Actors portraying John Adams and Benjamin Franklin each hold one hand of a woman in a yellow dress and sing.
Brooks Ashmanskas as John Adams, Erin Kruse as Martha Jefferson and Christopher Bloch as Benjamin Franklin in the Ford’s Theatre production of 1776, directed by Peter Flynn. Photo by Carol Rosegg.

7 Lessons from Ford’s Theatre Website Redesign

5 min read

Are you thinking about or in the process of redesigning your website? We want to share some lessons we learned when we redesigned our website

With the support of the Ford’s Theatre Board of Trustees and with the strategic vision developed in our institutional long-range plan and five-year digital strategy, we are taking steps to broaden our impact through digitally supported initiatives. Our first step in our digital evolution was developing a new, sustainable website, with an integrated ticketing and donation system that ensured our online customer experience complemented our on-site experience. Knowing that institutions have far more shared challenges than unique ones when approaching a website redesign, I’ve focused on seven lessons we learned to help inform and support others in their efforts to expand their digital reach and web presence.

The Ford’s and FastSpot team in a content workshop at Fords.

Lesson One: Create a content strategy before you start your redesign.

From the beginning, our lack of a clearly defined interpretive plan presented challenges when defining the information architecture, content and functionality of our new website. If we were to make one major adjustment to how we approached our website redesign, we would have invested additional time in reimagining content and prioritizing objectives before starting the process. Alternatively, we could have incorporated it into the discovery phase of the project. This would have helped us avoid being boxed in by current content and our old website’s structure, and provided a base of knowledge to help us anticipate functional needs and priorities.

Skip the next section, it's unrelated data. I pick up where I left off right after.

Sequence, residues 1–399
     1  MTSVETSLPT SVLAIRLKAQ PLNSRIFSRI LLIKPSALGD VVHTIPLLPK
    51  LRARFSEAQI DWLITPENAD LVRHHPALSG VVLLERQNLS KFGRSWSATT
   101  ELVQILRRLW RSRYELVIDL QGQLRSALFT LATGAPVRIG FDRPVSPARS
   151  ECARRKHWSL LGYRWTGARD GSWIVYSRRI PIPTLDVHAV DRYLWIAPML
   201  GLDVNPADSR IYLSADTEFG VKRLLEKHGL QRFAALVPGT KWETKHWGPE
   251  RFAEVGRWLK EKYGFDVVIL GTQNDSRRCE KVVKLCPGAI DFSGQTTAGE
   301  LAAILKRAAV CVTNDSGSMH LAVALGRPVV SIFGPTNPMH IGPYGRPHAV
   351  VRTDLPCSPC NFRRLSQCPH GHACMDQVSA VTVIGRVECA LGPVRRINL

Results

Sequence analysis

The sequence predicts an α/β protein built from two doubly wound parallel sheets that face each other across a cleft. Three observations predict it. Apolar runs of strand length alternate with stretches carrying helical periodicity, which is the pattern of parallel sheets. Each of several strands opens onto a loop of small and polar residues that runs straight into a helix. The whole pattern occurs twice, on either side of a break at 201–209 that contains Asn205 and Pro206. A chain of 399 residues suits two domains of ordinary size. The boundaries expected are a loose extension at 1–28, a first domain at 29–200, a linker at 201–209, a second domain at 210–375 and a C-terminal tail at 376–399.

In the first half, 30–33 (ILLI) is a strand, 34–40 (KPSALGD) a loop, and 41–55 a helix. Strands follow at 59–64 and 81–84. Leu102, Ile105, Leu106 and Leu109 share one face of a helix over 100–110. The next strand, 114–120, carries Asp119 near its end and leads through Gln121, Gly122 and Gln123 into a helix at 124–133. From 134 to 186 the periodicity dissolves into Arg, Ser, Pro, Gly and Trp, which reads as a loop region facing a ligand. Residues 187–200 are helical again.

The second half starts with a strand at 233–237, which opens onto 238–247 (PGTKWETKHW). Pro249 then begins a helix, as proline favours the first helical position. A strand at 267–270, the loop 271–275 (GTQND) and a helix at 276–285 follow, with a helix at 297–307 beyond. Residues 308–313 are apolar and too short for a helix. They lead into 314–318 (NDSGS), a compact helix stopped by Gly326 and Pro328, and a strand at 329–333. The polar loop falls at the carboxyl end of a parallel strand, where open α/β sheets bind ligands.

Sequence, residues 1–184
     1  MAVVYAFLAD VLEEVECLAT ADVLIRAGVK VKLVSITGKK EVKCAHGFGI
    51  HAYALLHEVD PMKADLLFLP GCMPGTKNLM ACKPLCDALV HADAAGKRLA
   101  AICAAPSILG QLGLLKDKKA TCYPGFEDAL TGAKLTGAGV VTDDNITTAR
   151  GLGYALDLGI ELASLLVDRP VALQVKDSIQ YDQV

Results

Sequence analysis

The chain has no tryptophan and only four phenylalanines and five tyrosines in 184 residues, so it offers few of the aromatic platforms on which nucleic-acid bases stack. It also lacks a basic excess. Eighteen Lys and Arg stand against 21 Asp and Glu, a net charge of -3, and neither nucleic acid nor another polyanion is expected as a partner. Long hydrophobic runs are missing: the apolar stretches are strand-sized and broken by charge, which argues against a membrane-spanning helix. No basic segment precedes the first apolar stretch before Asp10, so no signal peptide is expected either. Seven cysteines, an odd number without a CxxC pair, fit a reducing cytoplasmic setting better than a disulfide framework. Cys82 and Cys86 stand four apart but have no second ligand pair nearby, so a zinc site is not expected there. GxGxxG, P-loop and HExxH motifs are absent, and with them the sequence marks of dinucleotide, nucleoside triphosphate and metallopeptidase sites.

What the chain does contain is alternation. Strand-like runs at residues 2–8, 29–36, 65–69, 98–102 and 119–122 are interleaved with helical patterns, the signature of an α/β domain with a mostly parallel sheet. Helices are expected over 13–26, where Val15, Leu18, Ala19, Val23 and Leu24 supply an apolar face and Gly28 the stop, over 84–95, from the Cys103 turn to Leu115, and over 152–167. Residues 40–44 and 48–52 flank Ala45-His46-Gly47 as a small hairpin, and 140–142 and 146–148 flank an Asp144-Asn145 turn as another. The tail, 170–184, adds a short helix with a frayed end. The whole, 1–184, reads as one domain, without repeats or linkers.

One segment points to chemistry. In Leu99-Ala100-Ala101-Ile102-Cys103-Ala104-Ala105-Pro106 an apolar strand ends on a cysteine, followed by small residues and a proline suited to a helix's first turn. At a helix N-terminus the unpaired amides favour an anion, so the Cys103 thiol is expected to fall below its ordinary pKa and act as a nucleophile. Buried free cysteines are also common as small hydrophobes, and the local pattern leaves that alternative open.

Lesson Two: Have things in writing.

Communication is the key to a successful project. A good project manager should ensure that everyone involved has a clear understanding of the project. With so many moving parts and tight deadlines, it can never hurt to set the expectation from the beginning that everything needs to be in writing. As wonderful as modern project management tools are, things still do slip through the cracks. Each meeting should have a clear agenda and objectives to keep everyone on task. Designate a note-taker at each project management meeting to circulate a wrap-up of discussion points and assign action items. This will reiterate understanding and define responsibilities.

Before our redesign, looked like this.

Lesson Three: Establish your vision and goals.

Your internal team must define a unified vision for your new website and the institutional goals it will help achieve. Having support from your executive board and investment from a cross-departmental internal team from the project’s infancy creates feelings of mutual responsibility in the project’s success and ensures the project aligns with long-term organizational goals.

Lesson Four: Leverage your data and user stories.

When starting projects and initiatives that have the potential to cause internal disagreement (such as prioritizing content and overall vision), lean on data, user stories and your external website vendor to facilitate, mediate and guide major decisions. Test your assumptions with your users to validate your ideas or concepts. Your users are there to save you from yourselves.

Lesson Five: Develop a content schedule and creation process.